Cities now have an unprecedented opportunity to transform and decarbonise their energy supply and use, according to a new report from the International Renewable Energy Agency (IRENA). Renewable Energy in Cities, which was realised on the sidelines of the Habitat III Conference in Quito, estimates energy use in 3,649 cities and explores their potential to scale-up renewable energy by 2030. It finds that while there is no one-size fits all solution, every city has massive potential to cost-effectively boost renewable energy use at the local level.
Electricity use varies widely across cities depending on climate conditions, population density and development stage. Likewise, energy use for transport varies greatly depending on urbanisation models.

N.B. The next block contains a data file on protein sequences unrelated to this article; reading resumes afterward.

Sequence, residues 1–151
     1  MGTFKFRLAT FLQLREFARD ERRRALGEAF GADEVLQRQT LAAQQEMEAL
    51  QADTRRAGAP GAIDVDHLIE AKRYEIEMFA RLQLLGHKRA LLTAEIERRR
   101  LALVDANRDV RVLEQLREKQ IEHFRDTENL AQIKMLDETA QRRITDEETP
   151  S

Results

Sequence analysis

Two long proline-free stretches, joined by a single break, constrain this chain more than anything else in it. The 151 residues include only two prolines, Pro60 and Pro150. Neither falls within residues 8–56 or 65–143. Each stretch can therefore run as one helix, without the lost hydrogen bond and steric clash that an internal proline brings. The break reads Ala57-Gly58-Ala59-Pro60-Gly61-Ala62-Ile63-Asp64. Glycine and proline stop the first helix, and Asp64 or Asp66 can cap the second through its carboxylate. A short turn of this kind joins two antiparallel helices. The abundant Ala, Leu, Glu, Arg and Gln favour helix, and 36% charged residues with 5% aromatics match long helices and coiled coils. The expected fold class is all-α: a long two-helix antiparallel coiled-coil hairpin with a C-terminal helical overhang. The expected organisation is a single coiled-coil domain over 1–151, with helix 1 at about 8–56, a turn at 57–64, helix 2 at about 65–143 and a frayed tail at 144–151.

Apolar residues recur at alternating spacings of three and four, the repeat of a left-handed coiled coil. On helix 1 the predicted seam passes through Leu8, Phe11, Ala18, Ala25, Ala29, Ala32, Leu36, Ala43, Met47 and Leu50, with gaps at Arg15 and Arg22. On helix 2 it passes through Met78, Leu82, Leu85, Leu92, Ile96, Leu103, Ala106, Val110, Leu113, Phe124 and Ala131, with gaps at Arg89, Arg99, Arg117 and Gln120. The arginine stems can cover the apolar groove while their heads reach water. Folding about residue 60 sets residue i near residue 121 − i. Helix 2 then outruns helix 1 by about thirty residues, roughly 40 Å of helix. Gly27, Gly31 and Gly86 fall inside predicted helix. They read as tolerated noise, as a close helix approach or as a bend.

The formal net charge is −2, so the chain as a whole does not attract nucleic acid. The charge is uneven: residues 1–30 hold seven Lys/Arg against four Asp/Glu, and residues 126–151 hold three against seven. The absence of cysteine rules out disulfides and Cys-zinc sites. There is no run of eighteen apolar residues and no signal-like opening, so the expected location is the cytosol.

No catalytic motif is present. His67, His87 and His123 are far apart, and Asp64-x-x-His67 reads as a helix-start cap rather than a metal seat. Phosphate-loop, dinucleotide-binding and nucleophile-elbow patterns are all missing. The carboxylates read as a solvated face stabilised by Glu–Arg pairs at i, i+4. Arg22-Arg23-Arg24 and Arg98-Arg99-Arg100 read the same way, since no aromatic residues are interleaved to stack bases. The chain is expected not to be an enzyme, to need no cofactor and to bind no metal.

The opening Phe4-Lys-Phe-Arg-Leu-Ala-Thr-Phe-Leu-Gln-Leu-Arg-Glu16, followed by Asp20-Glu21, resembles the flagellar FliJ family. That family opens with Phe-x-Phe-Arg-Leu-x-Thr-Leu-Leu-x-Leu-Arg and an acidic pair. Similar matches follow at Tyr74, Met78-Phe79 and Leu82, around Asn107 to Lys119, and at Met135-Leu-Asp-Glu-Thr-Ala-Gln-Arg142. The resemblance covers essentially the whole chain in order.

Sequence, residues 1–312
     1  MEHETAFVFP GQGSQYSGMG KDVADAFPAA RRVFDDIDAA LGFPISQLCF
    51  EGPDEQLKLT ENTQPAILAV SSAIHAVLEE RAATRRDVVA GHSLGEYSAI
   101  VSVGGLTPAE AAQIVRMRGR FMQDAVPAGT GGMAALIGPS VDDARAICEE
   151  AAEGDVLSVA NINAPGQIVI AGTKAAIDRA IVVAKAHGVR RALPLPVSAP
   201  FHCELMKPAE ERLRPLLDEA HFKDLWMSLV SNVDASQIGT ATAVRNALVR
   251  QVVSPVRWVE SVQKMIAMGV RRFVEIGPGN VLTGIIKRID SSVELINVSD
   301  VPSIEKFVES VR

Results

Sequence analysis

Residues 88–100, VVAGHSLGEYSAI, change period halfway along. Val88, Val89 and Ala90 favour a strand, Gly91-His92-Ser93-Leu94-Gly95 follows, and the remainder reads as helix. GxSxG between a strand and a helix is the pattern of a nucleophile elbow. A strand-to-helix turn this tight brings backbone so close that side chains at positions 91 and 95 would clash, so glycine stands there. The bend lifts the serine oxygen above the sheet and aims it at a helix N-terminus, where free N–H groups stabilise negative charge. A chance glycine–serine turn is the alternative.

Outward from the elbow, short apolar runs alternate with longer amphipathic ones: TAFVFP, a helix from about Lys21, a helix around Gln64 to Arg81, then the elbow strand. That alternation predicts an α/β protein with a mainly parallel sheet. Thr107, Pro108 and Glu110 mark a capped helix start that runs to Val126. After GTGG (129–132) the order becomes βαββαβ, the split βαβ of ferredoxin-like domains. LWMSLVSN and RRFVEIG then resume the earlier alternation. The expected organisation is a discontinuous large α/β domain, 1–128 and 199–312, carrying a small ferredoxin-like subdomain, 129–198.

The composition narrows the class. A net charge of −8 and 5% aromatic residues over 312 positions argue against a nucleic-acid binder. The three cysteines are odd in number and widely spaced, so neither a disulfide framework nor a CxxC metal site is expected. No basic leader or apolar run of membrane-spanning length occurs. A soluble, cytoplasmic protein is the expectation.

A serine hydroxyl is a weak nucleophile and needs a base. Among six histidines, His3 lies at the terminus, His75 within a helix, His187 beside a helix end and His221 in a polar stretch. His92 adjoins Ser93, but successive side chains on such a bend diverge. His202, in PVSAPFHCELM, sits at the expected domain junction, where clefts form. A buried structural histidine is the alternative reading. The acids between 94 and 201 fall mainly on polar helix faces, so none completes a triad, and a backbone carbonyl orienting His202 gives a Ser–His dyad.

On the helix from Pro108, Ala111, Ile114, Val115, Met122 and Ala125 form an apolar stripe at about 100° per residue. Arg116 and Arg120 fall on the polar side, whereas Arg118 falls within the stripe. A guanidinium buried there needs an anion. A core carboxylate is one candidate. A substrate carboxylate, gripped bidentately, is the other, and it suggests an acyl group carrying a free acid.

Today, renewables supply only 20% of this energy, but much more is possible. Renewable Energy in Cities outlines three priority areas – both in technology and in policy – where cities can take action to scale up renewables use: renewable energy in buildings (for heating, cooling, cooking, and appliances); sustainable options for transport (electric mobility and biofuels); and creating integrated urban energy systems.
Accounting for 65% of global energy use and 70% of man-made carbon emissions, cities must play a key role in the transition to a low-carbon economy. By highlighting best practice from cities around the world, the report shows what is possible and what policies are needed to enable the change. It also provides concrete examples of how city actors can accelerate the switch to renewable energy at the local level by acting as planners, regulators, financiers and operators of urban infrastructure.